The roaming charge is an additional cost charged to your cellular account when you use your cellular network outside the home country of the network.
When you are traveling to Europe, roaming can be a much more complex issue when you move between different countries (like the norm when we travel to the EU). This is why in this guide, we will discuss how to manage data roaming on your iPad while in Europe.
Roaming charges can be quite confusing, and even experienced travelers can sometimes get caught in these annoying roaming charge issues. However, with simple enough preparations and being a little careful, we can safely check our emails and access the internet with the iPad without breaking the bank.
Switching Off International Roaming On Your iPad
Before anything else, the most surefire way to prevent accidental international roaming charges is not to use the cellular network at all when you are in Europe. If you are using an older cellular iPad with a SIM card tray, then you can simply take your SIM card out of your tablet before you go overseas just to be sure.
However, if you are using a newer iPad with embedded Apple SIM or eSIM, then you can’t use this method. Here is how to switch off data roaming on your iPad:
- Go to your Settings App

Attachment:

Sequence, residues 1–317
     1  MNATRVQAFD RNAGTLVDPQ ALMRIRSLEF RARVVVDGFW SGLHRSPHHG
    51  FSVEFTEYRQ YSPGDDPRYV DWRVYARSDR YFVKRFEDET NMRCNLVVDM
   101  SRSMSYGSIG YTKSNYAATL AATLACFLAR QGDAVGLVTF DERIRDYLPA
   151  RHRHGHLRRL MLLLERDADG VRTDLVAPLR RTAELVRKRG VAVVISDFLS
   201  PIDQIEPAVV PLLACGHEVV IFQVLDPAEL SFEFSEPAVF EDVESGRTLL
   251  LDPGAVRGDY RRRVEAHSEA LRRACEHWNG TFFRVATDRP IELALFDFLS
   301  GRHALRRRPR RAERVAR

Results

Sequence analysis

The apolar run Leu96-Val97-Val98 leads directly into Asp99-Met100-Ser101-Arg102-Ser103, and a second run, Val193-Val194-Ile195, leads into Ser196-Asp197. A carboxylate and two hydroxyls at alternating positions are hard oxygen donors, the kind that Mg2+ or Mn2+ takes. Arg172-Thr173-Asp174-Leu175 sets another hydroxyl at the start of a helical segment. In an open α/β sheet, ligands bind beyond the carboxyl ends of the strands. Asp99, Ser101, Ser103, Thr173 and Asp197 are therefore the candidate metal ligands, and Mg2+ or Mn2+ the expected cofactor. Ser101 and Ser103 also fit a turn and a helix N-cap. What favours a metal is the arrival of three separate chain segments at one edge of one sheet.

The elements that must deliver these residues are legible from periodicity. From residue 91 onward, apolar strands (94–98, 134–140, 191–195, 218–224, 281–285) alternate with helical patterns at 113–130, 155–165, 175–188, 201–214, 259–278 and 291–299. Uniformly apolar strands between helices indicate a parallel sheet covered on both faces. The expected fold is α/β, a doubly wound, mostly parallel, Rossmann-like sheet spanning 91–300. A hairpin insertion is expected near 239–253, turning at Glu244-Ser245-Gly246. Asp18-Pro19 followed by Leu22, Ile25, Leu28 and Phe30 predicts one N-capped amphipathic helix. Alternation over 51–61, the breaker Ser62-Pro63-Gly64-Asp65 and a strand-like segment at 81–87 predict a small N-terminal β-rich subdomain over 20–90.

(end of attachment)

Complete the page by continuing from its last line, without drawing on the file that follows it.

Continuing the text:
- Select Mobile Data, then Mobile Data Options
- Toggle off Data Roaming (green to white)
Voila, now you won’t use your data plan while traveling abroad to Europe. You can now treat your iPad as a WiFi-only device. Just in case, you might also want to turn off Location Services, push notifications, and automatic updates. It’s important to note that the iPad’s Location Services, while mainly relying on GPS, might use mobile data to improve location accuracy.
Our recommendation is to update everything on your iPad (the iOS and all Apps) a day before you leave your home country. This will help avoid potential security exploits while eliminating the need of updating your software while in Europe.
However, if you still need to use your internet while traveling and can’t rely on WiFi alone, there is also another option, as we’ll discuss below.
Switching To An International Data Plan
Another important approach is to get a data plan that covers your destination country in Europe. There are several ways you can do this depending on several different factors:
- If you are using an older iPad with a SIM card tray, then a popular (and effective) approach is to buy a prepaid card of the destination country. These SIM cards are usually available in the airport and even in the local market. They are typically very affordable and should cover your basic tourism needs.
- Check whether your current carrier is offering an international data plan. You should give your carrier a call and ask whether they offer an international data plan. The prices might vary between the carriers, and you should compare the potential cost with the next option below.
- If you are using a newer iPad that offers an integrated Apple SIM or eSIM, then you can get an international data plan from companies like Truphone. Truphone offers a data plan that covers 113 countries (for iPhone) and 48 countries (for iPad), so if you travel often and plan to use your iPad often, then this might be the most cost-effective option for you.